Dr. Wilson earned his B.Sc. and Ph.D. degrees in Biochemistry from Queen’s University in Kingston, Canada. He then completed post-doctoral training at Wake Forest University and the University of Medicine and Dentistry of New Jersey. In 2002 he joined the faculty of the University of Maryland School of Medicine as an Assistant Professor of Biochemistry and Molecular Biology and was promoted to Associate Professor with tenure in 2009.
Dr. Wilson is also a member of the Molecular and Structural Biology Program within the University of Maryland Marlene and Stewart Greenebaum Cancer Center Program in Oncology, and collaborates with both basic and clinical research investigators to identify and characterize post-transcriptional gene regulatory mechanisms the contribute to oncogenesis and tumor development. His research program has been supported by the National Institutes of Health, the American Cancer Society, and the American Heart Association.
The Wilson lab studies cellular mechanisms that regulate the production of many important gene products, including oncoproteins, inflammatory mediators, and lipoprotein receptors. In particular, they focus on protein factors that regulate cytoplasmic mRNA turnover rates, and the signaling systems that may transiently modulate the activity of these factors. Experimental approaches vary from cell and molecular biology (cultured cell systems, transfection, RNA interference) to biochemical (gel mobility shift, protein-protein and protein-RNA cross-linking) and biophysical systems (fluorescence anisotropy, resonance energy transfer). Some current foci of interest include:
Trans-acting factors that regulate decay of oncoprotein and inflammatory mediator mRNAs
Many mRNAs encoding oncoproteins and inflammatory mediators contain AU-rich mRNA-destabilizing elements (AREs) in their 3’-untranslated regions. AREs regulate mRNA decay by interacting with cellular ARE-binding factors. For example, tristetraprolin (TTP) or selected AUF1 isoforms induce decay of some ARE-containing mRNAs, while other proteins, like HuR, protect these transcripts from degradation. Recent data also show that microRNAs (miRNAs) and associated proteins can influence ARE-directed mRNA decay. In humans, over 4000 different transcripts contain AREs, yet these sequences share few common features. However, AREs from homologous mRNAs are highly conserved, indicating that the unique sequence composition of each ARE serves one or more essential functions. The Wilson lab’s long-term objective is to determine how the size and sequence diversity of AREs directs post-transcriptional regulation at the gene-specific level.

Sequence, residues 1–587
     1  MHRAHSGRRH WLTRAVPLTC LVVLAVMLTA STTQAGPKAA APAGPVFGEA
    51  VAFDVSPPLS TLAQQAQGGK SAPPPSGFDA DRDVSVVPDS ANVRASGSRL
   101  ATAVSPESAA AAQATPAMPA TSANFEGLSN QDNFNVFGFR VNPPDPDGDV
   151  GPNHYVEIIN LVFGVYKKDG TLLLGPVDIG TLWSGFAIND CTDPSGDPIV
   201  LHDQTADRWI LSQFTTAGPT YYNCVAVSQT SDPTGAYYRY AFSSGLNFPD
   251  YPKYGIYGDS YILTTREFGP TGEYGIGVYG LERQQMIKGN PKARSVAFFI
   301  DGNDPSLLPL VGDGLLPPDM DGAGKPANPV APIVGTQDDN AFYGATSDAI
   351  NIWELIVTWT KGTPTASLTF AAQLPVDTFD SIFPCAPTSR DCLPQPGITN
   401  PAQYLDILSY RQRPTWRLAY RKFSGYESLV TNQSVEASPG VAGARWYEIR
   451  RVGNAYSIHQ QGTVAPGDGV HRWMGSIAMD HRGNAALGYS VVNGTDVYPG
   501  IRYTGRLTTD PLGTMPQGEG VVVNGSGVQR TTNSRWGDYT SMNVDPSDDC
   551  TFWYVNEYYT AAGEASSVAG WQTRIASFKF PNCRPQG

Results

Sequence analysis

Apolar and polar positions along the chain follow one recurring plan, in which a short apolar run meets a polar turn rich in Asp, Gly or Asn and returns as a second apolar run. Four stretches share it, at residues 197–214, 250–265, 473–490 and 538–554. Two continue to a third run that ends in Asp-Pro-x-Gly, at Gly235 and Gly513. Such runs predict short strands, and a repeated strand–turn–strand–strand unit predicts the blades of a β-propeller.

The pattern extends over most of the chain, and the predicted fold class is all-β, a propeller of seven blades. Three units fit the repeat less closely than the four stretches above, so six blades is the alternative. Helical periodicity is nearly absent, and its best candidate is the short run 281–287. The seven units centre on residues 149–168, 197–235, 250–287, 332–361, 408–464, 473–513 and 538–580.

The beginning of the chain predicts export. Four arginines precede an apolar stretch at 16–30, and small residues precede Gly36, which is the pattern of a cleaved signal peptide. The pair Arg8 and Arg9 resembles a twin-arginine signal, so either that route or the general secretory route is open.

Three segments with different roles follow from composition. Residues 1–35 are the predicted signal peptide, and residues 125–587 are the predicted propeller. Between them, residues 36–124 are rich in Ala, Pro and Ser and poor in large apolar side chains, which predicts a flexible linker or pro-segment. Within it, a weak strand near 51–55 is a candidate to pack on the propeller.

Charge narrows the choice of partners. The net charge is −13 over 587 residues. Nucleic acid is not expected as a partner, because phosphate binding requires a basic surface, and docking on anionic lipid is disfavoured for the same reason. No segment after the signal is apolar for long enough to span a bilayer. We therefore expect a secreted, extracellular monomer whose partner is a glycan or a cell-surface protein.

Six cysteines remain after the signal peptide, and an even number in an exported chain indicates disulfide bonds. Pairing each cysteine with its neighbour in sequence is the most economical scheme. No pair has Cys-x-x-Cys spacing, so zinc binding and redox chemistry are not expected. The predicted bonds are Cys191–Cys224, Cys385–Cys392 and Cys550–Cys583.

The role of post-transcriptional gene regulatory circuits in tumor development
In 2009, the Wilson lab discovered that expression of the mRNA-destabilizing protein tristetraprolin (TTP) was significantly repressed in most human cancers, including aggressive tumors of the breast and prostate. Furthermore, analyses of gene array datasets revealed that suppression of TTP is a negative prognostic indicator in breast cancer, since patients with low TTP expression in breast tumors prior to surgical excision were more likely to present: (i) increased pathological tumor grade, (ii) increased expression of the pro-angiogenic factor VEGF, and (iii) increased risk of death from recurrent breast cancer. Subsequently, they showed that restoring TTP expression in a cultured cancer cell line suppressed three key tumorigenic phenotypes: (i) cell proliferation, (ii) resistance to pro-apoptotic stimuli, and (iii) expression of VEGF mRNA. These findings are consistent with a model whereby cancer cells that lower TTP production develop more aggressive characteristics, likely as a result of increased expression of mRNAs that would otherwise be suppressed by TTP. Ongoing studies in the lab on this project are asking: (i) what TTP-targeted mRNAs are responsible for enhancing tumorigenic phenotypes? and (ii) what cellular mechanisms are suppressing TTP expression in aggressive tumors?
mRNA stability as a novel mechanism to enhance hepatic LDL receptor expression
Hepatic low density lipoprotein (LDL) receptors are essential for efflux of cholesterol-rich LDL particles from the circulation and subsequent cholesterol excretion via bile acid formation. High circulating LDL levels are a prime risk factor for the development of atherosclerotic plaques, contributing to myocardial infarction and related mortality. As such, hepatic regulatory systems that control LDL receptor production are promising targets for the development of novel, aggressive therapies to lower plasma LDL concentrations. The Wilson lab has found that activation of the protein kinase C system stabilizes LDL receptor mRNA in cultured liver cell models, leading to enhanced production of LDL receptor protein and cellular LDL binding. This mRNA stabilization event requires the JNK kinase cascade, but does not appear to involve any known mRNA stability determinants. Ongoing work in the lab is focused on identifying specific LDL receptor mRNA sequences required for JNK-dependent stabilization, and trans-acting factors that functionally interact with this element.